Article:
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A Victory for Democracy in Nigeria

Nigeria's President Obasanjo bowed to popular will yesterday and endorsed the legislature’s decision to reject bills that would have made it possible for him to seek a third term. The actions by Nigeria's Senate and House of Representatives, and the president’s wise acquiescence, put to rest fears that Obasanjo might join Uganda’s Yoweri Museveni and Chad’s Idriss Deby in discarding democracy in favor of a personal stranglehold on power. Praise for the move was nearly universal - both within and outside Nigeria.

Nigerian debt deal: Almost done, if not yet home free

The IMF announced today that it has completed its review of Nigeria’s policy support instrument (PSI). The Fund was laudatory, including a quote from first deputy MD Anne Krueger:

“Looking ahead, the authorities are committed to continue the ambitious macroeconomic and structural policies to entrench macroeconomic stability, strengthen public financial management, and reduce the costs of doing business further”

More bad news for oil transparency in Congo-Brazzaville

According to Reuters, two anti-corruption campaigners have been arrested in Congo-Brazzaville, allegedly for embezzling funds. If true, it is disturbing that people tasked with overseeing fiscal transparency are themselves involved in fraud, and bodes poorly for Congo’s chances of breaking its cycle of wasting public money.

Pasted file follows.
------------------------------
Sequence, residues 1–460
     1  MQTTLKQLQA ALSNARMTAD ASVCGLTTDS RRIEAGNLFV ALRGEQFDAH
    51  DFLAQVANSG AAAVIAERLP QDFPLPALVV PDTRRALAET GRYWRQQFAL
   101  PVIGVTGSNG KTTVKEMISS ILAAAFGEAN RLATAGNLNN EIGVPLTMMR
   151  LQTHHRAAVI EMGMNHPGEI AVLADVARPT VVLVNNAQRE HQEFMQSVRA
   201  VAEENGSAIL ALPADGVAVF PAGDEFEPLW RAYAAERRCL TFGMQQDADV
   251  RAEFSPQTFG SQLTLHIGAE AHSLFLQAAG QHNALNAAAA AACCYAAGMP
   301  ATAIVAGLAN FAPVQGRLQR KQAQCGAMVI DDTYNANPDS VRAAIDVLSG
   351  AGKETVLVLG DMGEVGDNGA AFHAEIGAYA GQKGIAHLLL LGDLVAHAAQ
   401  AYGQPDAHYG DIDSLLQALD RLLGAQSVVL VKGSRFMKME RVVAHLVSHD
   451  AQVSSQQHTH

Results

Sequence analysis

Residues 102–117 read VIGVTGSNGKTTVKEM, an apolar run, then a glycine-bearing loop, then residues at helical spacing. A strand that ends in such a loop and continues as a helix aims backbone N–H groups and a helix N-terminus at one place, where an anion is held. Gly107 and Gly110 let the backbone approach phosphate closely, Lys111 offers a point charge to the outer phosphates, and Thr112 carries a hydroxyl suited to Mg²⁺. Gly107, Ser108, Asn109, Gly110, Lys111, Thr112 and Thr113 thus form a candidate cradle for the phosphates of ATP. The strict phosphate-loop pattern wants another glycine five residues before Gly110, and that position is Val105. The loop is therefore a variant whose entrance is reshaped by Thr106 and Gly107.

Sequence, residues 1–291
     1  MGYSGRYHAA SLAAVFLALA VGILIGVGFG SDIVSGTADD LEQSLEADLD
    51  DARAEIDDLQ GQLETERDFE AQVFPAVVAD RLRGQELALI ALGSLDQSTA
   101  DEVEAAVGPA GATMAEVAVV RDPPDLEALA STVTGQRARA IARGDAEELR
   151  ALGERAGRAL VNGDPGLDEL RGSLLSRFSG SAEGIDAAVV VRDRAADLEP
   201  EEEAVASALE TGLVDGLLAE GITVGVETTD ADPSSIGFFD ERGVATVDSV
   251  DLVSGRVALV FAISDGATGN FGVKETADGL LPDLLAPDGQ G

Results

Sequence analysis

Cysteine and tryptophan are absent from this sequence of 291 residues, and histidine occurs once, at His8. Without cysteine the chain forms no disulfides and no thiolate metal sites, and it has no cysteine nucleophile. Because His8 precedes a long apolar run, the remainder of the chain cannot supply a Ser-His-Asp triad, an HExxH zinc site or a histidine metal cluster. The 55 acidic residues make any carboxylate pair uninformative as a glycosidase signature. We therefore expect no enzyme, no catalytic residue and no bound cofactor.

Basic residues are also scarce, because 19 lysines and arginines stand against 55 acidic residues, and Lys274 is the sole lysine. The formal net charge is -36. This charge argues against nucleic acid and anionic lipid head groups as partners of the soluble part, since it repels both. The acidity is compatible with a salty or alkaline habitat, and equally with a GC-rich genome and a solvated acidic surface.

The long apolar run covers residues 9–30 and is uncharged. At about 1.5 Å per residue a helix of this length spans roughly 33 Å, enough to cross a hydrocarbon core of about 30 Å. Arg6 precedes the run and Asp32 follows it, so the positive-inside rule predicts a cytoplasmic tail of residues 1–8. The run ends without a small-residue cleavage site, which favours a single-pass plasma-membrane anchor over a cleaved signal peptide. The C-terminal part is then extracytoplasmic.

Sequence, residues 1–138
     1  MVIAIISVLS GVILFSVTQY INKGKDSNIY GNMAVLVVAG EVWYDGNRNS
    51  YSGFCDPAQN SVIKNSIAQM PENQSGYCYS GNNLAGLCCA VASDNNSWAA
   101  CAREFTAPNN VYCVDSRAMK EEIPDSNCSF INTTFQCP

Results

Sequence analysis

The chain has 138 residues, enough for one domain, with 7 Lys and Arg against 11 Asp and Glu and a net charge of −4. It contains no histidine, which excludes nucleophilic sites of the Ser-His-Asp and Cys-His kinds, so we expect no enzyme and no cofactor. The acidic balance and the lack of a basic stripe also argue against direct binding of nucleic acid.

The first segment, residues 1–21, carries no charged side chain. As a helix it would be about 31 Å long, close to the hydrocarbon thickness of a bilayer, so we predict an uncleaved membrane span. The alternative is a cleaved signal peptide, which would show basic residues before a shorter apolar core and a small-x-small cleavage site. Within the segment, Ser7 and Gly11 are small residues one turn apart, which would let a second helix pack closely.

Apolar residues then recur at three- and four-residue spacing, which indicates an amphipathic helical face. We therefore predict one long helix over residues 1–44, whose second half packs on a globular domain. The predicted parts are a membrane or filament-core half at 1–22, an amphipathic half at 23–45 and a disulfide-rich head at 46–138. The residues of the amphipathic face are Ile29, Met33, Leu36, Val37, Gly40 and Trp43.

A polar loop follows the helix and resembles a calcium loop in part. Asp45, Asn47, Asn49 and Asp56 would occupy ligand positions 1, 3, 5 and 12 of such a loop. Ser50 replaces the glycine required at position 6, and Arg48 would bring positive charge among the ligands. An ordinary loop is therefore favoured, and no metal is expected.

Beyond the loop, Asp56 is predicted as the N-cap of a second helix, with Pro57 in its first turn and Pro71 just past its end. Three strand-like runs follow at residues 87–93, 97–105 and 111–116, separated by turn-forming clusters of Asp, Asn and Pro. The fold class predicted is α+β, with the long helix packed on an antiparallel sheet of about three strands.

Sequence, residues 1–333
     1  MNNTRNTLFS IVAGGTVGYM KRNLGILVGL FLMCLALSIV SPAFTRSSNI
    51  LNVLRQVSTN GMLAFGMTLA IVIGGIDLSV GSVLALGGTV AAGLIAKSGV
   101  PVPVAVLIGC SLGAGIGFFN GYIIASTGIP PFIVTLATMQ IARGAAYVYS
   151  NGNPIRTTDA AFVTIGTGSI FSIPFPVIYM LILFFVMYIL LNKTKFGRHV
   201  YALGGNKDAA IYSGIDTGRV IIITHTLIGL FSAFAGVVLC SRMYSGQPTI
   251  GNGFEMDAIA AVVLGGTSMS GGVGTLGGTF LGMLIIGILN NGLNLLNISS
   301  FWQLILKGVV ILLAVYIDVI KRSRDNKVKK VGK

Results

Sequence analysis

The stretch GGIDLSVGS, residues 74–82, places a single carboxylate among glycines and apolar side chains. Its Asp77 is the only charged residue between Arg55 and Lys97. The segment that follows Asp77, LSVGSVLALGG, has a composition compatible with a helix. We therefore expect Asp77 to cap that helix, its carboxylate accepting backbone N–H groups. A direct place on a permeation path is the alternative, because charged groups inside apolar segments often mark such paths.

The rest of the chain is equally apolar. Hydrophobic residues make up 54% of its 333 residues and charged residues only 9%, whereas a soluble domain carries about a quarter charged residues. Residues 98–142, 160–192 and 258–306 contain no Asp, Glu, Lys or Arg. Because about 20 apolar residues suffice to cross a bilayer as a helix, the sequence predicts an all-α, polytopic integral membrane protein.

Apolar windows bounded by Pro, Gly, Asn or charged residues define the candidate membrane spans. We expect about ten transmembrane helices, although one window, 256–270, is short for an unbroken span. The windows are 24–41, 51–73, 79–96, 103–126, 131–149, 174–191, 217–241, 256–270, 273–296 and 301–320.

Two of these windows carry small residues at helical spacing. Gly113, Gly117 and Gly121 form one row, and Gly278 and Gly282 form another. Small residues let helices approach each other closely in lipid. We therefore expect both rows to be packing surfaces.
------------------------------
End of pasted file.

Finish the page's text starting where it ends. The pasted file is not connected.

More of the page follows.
Class Act: The UK Invests in Global Education

Think about the plight of many of the poorest countries in the world: Governments may know that long-term national prosperity depends on getting children into school, teaching them well, and keeping them there until they’ve mastered reading, writing and arithmetic. But the social returns aren’t likely to come for more than a decade, when the six-year-olds of today enter the labor market.

Congo-Brazzaville: Too corrupt for debt relief or too indebted to fight corruption?

After a bitter fight between the World Bank's board of directors and Bank President Paul Wolfowitz, Congo-Brazzaville was allowed to reach decision point in the HIPC program on March 9. The deal was almost held up after reports that Congo’s President Denis Sassou-Ngueso spent $300k at a New York hotel, but this scandal wasn’t enough to convince debt relief diehards that Congo wasn’t perhaps the most worthy recipient

Liberia's President Sirleaf: A true African hero

President Ellen Johnson Sirleaf addressed a Joint Session of Congress on March 15th. This is only the second time in the last decade that an African Head of State has addressed Congress – the first being South Africa’s Nelson Mandela. She was superb. The combination of humility, resolve, courage, strength of purpose, and vision, along with great communication skills, made it one of the best speeches I have seen on any topic in a long time.

Millennium Villages: Useful contribution to development or publicity stunt?

Jeffrey Sachs, director of the Earth Institute of Columbia University, spoke yesterday at CGD (video clip available) to describe his Millennium Villages Project. Sachs’s argument is generally that countries like India developed not by ineffectual, small amounts of foreign aid – as he argues the US delivers today – but by creating a Green Revolution. Communities learned to work together, and with fertilizers donated in part by the United States, they became able to feed themselves and eventually to begin developing.

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